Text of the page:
World Cinema: Not Just in English

As American moviegoers, we often like to stay in our comfort zone of what is familiar to us as far as our cinema experience goes.

Whether you enjoy action, comedy, or romance, you probably are watching American movies with American slants and messages that are in accordant to mainstream American culture.

So naturally, we have a bias when it comes to viewing something that was made in Hollywood over a movie that was made in Bollywood (India).

Language barriers can also be a turn off because honestly who wants to read during an entire movie?

But sitting down and getting past the subtitles of a foreign film can be beneficial in seeing the world from a different perspective.

It also gives another country a chance to tell their side of the story artistically and world events that you may not have heard in their historical context.

Watching a foreign flick could also give you an appreciation for aesthetics and different filming and editing techniques, as in the chaotic camera movements that symbolize Cuban frustration and struggle in the events leading up to Castro’s revolution in I am Cuba (Soy Cuba), which was ironically shot by Russian Director Mikhail Kalatozov.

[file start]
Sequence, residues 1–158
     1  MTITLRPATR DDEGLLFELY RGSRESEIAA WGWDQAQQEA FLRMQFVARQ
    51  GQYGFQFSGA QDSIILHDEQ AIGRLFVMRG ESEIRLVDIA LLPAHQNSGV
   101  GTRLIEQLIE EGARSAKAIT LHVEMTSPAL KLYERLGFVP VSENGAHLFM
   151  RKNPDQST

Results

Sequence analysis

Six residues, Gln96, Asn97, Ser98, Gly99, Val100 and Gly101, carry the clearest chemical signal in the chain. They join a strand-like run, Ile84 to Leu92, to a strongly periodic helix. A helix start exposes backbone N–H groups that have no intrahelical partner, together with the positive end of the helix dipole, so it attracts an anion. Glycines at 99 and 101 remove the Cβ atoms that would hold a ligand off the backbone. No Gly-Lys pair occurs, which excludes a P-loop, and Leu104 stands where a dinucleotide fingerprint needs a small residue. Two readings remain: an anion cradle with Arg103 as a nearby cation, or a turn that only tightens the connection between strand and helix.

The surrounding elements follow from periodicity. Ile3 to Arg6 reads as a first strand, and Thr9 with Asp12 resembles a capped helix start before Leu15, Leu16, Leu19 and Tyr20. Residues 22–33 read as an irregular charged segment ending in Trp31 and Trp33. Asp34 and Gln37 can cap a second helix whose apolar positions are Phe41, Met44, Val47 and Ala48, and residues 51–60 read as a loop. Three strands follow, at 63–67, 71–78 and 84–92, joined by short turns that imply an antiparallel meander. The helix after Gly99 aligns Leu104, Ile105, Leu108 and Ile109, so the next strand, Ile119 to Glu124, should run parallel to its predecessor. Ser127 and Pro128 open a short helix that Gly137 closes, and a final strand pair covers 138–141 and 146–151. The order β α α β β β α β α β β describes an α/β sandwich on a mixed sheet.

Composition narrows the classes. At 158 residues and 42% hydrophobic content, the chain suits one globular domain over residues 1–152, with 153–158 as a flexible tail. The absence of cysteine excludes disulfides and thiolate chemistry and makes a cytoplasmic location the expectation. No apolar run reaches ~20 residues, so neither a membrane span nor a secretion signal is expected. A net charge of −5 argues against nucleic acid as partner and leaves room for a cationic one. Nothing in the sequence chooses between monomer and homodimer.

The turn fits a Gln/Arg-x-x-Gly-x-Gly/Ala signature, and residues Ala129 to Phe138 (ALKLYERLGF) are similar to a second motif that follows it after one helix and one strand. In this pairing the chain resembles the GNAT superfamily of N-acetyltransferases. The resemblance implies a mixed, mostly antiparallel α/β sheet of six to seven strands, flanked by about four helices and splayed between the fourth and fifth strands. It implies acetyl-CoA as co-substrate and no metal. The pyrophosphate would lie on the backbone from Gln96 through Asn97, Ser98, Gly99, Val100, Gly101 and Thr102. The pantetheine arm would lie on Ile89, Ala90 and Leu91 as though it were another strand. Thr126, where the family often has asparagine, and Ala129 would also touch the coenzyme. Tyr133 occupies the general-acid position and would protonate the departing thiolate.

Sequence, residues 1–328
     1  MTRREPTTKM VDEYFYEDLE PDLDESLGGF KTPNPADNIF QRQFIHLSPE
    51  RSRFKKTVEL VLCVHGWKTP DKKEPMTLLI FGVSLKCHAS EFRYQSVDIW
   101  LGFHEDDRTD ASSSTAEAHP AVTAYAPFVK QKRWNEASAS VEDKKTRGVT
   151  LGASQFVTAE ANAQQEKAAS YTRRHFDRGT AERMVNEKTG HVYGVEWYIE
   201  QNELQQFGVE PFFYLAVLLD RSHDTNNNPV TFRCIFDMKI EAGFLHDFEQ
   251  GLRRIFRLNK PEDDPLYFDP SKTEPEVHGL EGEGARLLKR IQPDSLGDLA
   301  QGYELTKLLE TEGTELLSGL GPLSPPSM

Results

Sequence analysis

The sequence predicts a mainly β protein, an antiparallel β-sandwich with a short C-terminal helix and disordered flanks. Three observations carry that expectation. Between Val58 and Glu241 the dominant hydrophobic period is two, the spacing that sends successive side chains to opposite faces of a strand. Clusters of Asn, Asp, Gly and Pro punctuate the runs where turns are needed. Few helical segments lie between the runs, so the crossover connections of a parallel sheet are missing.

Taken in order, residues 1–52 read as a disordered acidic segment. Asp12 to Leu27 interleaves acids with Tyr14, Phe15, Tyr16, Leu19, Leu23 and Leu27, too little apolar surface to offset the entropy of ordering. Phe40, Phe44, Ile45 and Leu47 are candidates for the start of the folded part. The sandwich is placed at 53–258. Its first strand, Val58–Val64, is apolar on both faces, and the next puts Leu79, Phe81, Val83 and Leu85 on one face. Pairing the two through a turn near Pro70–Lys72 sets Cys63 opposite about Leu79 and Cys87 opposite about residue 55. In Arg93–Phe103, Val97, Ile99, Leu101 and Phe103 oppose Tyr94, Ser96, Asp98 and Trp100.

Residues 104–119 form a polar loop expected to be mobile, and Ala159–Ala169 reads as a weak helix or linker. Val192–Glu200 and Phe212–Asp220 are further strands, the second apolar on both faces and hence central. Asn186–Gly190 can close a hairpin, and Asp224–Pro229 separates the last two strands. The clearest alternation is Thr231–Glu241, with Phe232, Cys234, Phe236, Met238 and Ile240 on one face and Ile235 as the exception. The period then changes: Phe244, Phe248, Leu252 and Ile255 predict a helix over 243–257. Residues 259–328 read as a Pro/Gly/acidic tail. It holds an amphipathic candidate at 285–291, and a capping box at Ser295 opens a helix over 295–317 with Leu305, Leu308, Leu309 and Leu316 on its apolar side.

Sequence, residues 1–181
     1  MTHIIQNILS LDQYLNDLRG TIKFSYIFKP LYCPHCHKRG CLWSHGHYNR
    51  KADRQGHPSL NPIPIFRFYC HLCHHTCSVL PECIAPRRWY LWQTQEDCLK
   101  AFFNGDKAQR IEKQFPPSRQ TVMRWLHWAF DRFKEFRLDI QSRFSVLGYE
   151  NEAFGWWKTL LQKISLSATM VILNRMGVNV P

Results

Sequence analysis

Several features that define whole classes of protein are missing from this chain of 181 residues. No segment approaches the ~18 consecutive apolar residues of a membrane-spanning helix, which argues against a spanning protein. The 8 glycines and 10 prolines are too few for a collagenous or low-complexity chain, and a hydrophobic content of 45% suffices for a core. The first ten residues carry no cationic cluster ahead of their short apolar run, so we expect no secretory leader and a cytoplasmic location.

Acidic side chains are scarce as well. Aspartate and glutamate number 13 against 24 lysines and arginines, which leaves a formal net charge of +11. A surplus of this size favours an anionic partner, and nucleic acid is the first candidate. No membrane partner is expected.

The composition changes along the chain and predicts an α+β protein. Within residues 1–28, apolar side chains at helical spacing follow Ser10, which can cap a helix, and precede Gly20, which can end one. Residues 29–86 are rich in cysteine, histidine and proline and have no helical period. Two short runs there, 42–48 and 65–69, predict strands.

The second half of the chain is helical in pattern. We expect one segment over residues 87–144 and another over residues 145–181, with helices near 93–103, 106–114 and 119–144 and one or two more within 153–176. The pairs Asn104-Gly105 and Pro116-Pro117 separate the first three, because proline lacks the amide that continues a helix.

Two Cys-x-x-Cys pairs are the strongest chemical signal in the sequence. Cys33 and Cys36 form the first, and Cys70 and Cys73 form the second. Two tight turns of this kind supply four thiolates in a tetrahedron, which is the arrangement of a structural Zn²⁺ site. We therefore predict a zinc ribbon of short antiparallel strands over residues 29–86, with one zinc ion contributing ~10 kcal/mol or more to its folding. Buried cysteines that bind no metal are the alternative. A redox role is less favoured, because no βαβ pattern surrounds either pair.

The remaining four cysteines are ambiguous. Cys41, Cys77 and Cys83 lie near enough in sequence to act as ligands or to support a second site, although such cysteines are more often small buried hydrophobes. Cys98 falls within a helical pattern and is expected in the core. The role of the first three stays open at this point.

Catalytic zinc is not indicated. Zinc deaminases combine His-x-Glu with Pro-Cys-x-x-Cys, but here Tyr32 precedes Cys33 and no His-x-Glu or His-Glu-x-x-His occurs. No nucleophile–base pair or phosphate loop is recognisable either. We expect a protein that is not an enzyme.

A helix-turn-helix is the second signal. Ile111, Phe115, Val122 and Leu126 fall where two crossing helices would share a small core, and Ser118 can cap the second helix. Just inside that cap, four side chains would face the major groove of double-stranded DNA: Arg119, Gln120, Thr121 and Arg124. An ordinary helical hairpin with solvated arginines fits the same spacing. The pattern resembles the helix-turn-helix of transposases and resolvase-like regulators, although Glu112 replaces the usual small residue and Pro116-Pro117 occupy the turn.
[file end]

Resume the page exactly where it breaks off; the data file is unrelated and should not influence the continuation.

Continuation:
Yet, melodramatic films like these can also serve as evidence for propaganda under the guise of “national cinema,” leaving the viewer to question where truth is consistent and where it is stretched in not only foreign films, but those made in the U.S. as well.

But if you’re not in a world cinema class like I am and do not have time to delve into great imported cinema here are a few recommendations:

Photo credit: Anthony Estrada 3 Iron, (Empty House)
Photo credit: Anthony Estrada 3 Iron, (Empty House)

1. 3 Iron (Empty House) (2004), is a Korean romance film about a young man who tapes menus to door knobs and lives in unoccupied dwellings while the owners are gone or are on vacation. American audiences will be glad to know that this is a heavily visual film (Not a lot of subtitles in this one).

2. Stalker (1979) is a Russian science-fiction/quest that follows a “Stalker” (guide) as he leads a writer and a scientist into the “Zone” where a man’s most inner desires can come true.